Learn to Cast On Knitting Stitches
A Free Knitting Lesson from PurlsAndPixels
When you begin to knit you’ll need to learn to put your initial stitches on your needles. In
knitting, this is called “casting on” stitches. When reading a pattern, the abbreviations CO, co, or c/o are used to mean cast on.
There are several methods of casting on, each of which serves a different purpose. Some cast-ons are decorative, some are stretchy, and the way you put your yarn on your needles can really change the end garment.
For beginners, it is a good idea to start with the “long tail cast on” also called the “two strand method.” This cast on gives you a stretchy – but not too stretchy – end for your work. It also ends up looking clean and neat if you ensure that your put each stitch equally tightly (with even tension) on your needle. I use the long tail cast on for almost all of my basic garments, like scarves, hats, mittens, and sweaters.
Learn to cast on – Video tutorial
Learn to cast on – Written instructions
For this method, you’ll start with just one needle, held in your right hand.
The “long-tail” name of this cast on comes from the fact that you will need to leave a long piece of yarn on the non-skein side of your yarn. To begin, pull approximately one inch of yarn per stitch you want to cast on free of the skein. So, for example, if you want to cast on 40 stitches, pull roughly 40 inches of yarn out of the ball. Make a slip knot at this point, and place it on your needle in your right hand.
Now, pick up your working yarn and the long-tail with your left hand.
Lift your right hand and the needle above your left hand, so that the yarn dangles over your left hand. Pinch your pointer finger and thumb together and put them between the two strands of yarn. Ensure that the working yarn (coming from the skein) is draped over your pointer finger, and the long-tail is draped over your thumb. Clasp both ends of the yarn gently into your palm to maintain tension in your work. Bring the knitting needle down, between your pointer finger and thumb. You should now be holding the yarn properly to allow you to make your first cast on stitch.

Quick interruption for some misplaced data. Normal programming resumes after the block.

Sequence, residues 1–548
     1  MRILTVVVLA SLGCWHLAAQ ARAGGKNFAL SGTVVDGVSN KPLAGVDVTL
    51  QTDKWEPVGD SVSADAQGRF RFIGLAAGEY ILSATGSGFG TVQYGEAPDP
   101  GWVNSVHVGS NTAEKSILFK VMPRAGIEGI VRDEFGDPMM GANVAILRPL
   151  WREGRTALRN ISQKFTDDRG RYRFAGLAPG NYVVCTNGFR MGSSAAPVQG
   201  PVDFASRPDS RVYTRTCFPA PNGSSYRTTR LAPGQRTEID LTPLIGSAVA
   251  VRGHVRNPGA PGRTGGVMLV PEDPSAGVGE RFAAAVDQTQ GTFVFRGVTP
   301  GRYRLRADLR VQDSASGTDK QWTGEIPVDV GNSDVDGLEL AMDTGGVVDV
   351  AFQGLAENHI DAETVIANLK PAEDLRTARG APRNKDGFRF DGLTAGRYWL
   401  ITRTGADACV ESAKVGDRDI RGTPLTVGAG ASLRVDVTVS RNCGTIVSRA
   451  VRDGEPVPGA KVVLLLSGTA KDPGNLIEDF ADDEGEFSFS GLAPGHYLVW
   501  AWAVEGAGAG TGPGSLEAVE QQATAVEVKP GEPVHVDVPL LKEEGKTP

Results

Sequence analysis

Insert the tip of your knitting needle under the yarn that is draped on the outside of your hand. With your needle, grab the strand coming from the thumb-side of your pointer finger, from top to bottom. Pull through the loop you’ve created on your thumb. You should now have two loops on your knitting needle (your slip stitch and your first cast on). Continue in the same manner to add more stitches to your needle.
Quick steps for the long-tail cast on:
That was a lot of text, so here are the cliff-notes.
1. Pull 1 inch of yarn/stitch you’ll cast on free of the skein.
2. Make a slip knot & put on right-hand needle.
3. Drape the working yarn over your pointer finger, and the long tail over your thumb.
4. Insert the knitting needle through the yarn at the bottom side of your thumb to create a loop.
5. With the needle, pull the strand of yarn coming from the bottom of your pointer finger through the loop on your thumb.
Practice with my Free Beginner Knit Scarf Pattern
Once you’ve learned to cast on, you can start to make your first knitting piece. My easy and free beginner knit scarf pattern is a good place to start to learn and practice knitting. I will reference this pattern throughout my learn to knit online tutorial:
You can start your scarf here, by casting on enough stitches to make a piece between seven nine inches wide. When following my free beginner knit scarf pattern, I suggest you start by casting on about 40 stitches. This will give you a scarf or other flat panel project that is about 9 inches wide. Your piece’s width will vary based on the tension and gauge of your knitting, but for your first project, don’t worry too much about getting an exact measurement. Its just for practice!
When you begin to learn the knit stitch, you will be able to use this first cast-on as the beginning of your very first knitting project. You can stop after about 40 rows or 9 inches of knitting, to make a 9 inch square. You can make multiple squares, sew them together and create a patchwork blanket. Or keep on knitting instead of binding off at 9 inches and make a simple scarf. Find my easy and free beginner scarf pattern here. Your scarf can be as long or short as you want. If your first attempt at knitting not so pretty because you’re tension isn’t quite right, you can throw it away without losing too much yarn. Or, if you haven’t gotten too many tangles, you can undo your work and wind the yarn back up into a ball to start over. Try, try again! You can do it!
A helpful tip:
For most patterns, your slip knot counts as your first cast on stitch.
After you have cast on some stitches, you are ready to learn the knit stitch. Find out how to make a knit stitch here.